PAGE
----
cantile transactions, and even though the
servant has been dismissed from his em-
ployer's service, provided the third parties
had no reason to be aware of such dismissal.

The authority of the agent must be inferred from facts connected with the employment, not from considerations of the utility or propriety of such an authority. (Sm. Merc. Law, 132-4; Add. Cont. 608, 610-11.)

A general agent is only authorised to act in the usual way of business. (2 Selw. N.P. 807.)

authority.

Under ordinary circumstances, agents are Part III.

TIT. III. authorised to do all that is necessary or CAP. II. usual for effectuating the main intention of the principal in the best manner. (Sm. Merc. Law, 137; Broom Com. 521.)

Although a shopman be authorised by his employer to receive payment for goods in the shop, that does not necessarily involve an authority to receive money for his employer elsewhere. (Broom Com. 521.)

If a particular agent exceeds his authority, Exceeding his principal is not bound; for it is the duty of persons dealing with him to ascertain his authority. But if a general agent exceeds his authority, his principal is bound, provided his acts are within the usual dealing and scope of the business. And a principal cannot, unknown to parties dealing with his general agent, restrict the agent's authority to perform all things customary in the busi

(Sm. Merc. Law, 134-5; Add. Cont. 608; 2 Ste. Com. 68 ; Broom Com. 517, 520.)

If an agent exceeds his authority, any loss arising therefrom will fall on him; but any benefit will belong to his employer. (Sm. Merc. Law, 120-1.)

It is the duty of an agent to keep clear Accounts. and regular accounts and vouchers, and to

ness.

&

Distinctions as to remu.

rated agents.

Part III. communicate the result to his principal from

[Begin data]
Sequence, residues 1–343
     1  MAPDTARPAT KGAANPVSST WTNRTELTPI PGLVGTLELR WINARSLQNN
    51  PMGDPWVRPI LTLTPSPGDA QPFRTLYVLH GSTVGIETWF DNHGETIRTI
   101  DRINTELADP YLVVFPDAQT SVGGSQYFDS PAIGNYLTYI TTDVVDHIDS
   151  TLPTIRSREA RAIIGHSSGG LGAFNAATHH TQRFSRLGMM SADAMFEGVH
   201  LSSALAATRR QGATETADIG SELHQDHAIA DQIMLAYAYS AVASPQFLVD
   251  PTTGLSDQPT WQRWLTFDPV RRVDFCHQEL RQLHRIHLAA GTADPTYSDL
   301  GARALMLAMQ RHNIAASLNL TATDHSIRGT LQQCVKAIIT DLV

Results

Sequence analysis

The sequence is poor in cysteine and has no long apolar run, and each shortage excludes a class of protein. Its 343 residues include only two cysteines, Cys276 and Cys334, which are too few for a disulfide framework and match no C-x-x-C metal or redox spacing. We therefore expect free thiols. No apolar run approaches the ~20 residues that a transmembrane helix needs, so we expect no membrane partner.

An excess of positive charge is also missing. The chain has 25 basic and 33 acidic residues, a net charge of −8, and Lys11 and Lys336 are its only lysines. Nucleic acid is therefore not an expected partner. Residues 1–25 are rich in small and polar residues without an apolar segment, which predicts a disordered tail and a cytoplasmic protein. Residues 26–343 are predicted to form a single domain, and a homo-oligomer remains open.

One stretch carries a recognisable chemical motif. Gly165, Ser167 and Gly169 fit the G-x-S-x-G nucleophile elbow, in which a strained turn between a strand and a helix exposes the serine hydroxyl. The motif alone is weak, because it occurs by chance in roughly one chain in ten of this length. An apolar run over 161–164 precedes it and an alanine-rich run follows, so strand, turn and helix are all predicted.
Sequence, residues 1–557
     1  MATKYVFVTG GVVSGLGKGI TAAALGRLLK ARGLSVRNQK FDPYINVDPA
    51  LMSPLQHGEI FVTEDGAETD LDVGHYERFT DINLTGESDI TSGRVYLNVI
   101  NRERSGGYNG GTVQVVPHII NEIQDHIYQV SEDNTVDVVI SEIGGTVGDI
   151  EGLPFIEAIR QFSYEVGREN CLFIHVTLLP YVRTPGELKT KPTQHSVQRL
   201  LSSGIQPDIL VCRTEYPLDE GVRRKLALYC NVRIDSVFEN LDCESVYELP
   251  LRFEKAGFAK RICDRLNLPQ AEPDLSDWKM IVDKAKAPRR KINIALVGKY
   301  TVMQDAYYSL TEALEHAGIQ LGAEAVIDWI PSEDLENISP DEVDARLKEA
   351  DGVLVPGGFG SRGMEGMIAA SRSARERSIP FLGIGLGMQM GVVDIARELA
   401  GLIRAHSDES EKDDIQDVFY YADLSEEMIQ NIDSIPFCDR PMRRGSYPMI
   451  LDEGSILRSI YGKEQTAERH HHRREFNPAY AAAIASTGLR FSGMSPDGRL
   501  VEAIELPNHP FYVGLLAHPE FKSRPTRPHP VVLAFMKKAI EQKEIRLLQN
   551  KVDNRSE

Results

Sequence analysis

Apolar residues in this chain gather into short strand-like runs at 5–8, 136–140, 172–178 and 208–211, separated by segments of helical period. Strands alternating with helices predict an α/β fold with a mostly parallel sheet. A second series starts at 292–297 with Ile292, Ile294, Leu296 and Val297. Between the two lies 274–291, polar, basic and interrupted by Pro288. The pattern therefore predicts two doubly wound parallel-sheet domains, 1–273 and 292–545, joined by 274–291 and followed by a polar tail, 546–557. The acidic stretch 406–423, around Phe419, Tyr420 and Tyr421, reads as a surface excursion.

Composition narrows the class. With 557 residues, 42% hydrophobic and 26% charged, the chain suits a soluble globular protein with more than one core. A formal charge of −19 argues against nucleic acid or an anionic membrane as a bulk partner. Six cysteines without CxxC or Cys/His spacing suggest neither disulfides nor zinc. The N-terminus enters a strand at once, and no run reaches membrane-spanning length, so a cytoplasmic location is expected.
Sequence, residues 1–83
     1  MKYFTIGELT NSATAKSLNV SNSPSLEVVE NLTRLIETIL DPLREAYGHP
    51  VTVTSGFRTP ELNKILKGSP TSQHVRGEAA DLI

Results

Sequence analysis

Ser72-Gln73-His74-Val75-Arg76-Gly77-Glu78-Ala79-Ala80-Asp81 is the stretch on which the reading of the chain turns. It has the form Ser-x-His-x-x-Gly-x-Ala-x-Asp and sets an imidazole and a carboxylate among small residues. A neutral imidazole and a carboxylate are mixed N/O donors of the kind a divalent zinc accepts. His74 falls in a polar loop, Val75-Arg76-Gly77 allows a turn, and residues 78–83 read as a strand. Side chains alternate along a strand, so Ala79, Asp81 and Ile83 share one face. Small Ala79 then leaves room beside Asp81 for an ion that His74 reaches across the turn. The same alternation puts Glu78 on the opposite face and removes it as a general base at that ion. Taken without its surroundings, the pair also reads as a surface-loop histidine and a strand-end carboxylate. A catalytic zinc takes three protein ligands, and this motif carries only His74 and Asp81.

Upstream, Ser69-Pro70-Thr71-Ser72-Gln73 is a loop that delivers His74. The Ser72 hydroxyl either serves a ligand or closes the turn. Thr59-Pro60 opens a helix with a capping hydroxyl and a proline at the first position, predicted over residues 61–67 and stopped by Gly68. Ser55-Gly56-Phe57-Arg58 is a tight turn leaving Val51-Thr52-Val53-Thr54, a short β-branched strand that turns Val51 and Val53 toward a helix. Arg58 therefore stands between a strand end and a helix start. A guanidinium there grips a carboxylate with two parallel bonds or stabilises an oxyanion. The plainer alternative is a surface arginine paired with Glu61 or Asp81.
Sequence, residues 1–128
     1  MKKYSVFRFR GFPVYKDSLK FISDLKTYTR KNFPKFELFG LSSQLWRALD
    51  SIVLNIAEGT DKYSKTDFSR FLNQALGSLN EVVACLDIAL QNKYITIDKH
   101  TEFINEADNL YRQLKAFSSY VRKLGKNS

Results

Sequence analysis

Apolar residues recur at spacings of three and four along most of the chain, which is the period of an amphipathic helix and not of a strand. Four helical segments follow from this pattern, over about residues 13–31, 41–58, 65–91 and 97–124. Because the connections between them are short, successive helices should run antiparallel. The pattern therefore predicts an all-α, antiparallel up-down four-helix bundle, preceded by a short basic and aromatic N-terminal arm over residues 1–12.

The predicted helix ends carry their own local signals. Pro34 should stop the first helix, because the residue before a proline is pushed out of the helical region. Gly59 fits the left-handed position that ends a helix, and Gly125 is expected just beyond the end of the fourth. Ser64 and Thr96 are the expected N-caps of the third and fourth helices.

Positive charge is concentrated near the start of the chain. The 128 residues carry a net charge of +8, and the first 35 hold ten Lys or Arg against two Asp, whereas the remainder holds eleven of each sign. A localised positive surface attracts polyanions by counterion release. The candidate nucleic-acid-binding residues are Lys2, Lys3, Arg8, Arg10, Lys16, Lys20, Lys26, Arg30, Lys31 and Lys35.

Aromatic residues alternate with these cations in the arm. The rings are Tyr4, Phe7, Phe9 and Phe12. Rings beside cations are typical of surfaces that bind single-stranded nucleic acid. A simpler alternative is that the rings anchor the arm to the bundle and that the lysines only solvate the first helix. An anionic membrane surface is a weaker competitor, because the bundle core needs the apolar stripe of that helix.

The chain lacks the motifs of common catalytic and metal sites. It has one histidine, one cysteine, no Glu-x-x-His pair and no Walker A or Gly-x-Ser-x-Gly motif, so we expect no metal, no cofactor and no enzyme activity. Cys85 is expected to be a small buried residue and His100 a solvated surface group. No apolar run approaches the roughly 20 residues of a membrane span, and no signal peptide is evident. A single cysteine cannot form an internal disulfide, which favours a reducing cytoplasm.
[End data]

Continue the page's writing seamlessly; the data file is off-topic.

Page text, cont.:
Tit. III.
Cap. II. time to time ; and if he does not, he

will not be allowed the compensation which
would otherwise belong to his agency. And
if he mixes up his principal's property with
his own, he is put to the necessity of show-
ing clearly what part of the property be-
longs to him; and so far as he is unable to
do this, it is treated, both at law and in
equity, as the property of the principal.
(Sm. Manual, 326.)

A remunerated agent may be compelled nerated and to fulfil his engagement. An unremunerated

agent cannot be; yet if he begins to act, and is guilty of misconduct, he will be liable. A remunerated agent will be liable for the consequences of his want of skill. An unremunerated agent is only bound to use that skill which he possesses.

A remunerated agent is bound to act with reasonable diligence.

An unremunerated agent is only answerable for gross negligence. (Sm. Merc. Law, 120, 128; Sm. Cont. 152.)

The agent's remuneration is called his commission. The amount is fixed by the contract, or by usage or statute; or, if not so fixed, it may be determined by a jury. He may be deprived of his commission by neglecting to keep an account, or by other

Commission.